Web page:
His PhD (2003-2007) supervisor at Cambridge was Ross Anderson. Must have had some interesting discussions if Ozment was as pro-government then as his subsequent career would suggest.
Sounds like another scheme thought up by some American without a passport who thinks that international news comes from anywhere outside their own state.
Global solutions, guys - global solutions.
"As we know from experience, governments are not good at big infrastructure projects because it's not their business," she said.
No. Other, non-UK governments are good at big infrastructure projects because they are committed to serving their citizens, not to lining the pockets of themselves and their mates.
Or, for the cynical, "...as well as lining the pockets..." :)
Birmingham Airport Holiday Inn has a 6-foot, decorated Xmas tree in their lobby, and brochures in every room advertising their Xmas and New Year events.
I hope they get no bookings.
Paris Hilton, because I'll bet they don't have one.
Managed and kept by Sussex Police ... the NBA is available for use by all UK police forces for deployment at security sensitive sites or major events.
Of course, Sussex is just so central within the UK. The obvious location to store an item that is available to all of the UK.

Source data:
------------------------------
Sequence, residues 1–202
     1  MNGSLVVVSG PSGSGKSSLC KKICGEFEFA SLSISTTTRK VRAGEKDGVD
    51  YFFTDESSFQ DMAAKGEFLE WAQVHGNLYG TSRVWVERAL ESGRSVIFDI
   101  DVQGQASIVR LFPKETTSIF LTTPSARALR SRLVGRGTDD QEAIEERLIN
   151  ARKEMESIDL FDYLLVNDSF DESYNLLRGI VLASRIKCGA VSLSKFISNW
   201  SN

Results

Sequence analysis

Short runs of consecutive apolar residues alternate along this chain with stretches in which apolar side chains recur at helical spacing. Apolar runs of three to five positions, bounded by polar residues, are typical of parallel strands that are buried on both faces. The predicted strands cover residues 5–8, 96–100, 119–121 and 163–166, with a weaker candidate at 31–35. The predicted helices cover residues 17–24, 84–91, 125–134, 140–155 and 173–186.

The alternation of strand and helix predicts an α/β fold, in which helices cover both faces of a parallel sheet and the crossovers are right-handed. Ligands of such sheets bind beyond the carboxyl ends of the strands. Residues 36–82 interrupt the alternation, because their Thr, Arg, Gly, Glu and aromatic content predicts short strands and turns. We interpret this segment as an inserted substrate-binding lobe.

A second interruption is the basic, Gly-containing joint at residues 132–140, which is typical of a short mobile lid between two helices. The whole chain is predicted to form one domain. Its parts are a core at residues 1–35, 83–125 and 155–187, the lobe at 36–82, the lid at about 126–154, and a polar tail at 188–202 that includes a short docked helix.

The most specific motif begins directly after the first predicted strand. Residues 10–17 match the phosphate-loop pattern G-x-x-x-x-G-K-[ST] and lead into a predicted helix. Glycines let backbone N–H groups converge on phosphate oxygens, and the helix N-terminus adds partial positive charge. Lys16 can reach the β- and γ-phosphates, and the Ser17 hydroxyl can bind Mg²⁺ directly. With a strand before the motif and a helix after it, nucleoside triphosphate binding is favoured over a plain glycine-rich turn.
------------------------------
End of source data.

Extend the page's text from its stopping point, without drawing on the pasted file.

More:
And this will work in the Highlands of Scotland? The Alps? The Rocky Mountains? <insert your favourite remote - not necessarily mountainous - region here>
So it will have to be possible to drive the car manually with all the remote stuff switched off. In the case of systems/network failure, as well as when you are in a remote region.
Once these cars become commonplace, will it be illegal to drive manually if you have remote control and could use it? So how easy will it be to switch it all off?
Especially when you're entering the Highlands of Scotland....
That's the one! I was going to provide a link to it - thanks for doing it for me.
Just don't play it on speakers in the office... :)
"Sorry to be a bore but I'm not sure that applies in British law."
Sorry to be a bigger bore, but there is no such thing as British law. There are three separate legal systems in different parts of the UK.
Anyway, there's nothing in the article that suggests that Greenwald's blog is covered by any UK jurisdiction. If you'd bothered to look at the blog, you'd have seen that it appears to come under the laws of the state of New York. So El Reg's comment is valid and yours is irrelevant.
“The problem is, nobody really trusts Huawei because of cyber-security issues.”
I have a Huawei phone, but I'm sure that everything I say and do is recorded by at least two national security agencies before it ever reaches the Chinese.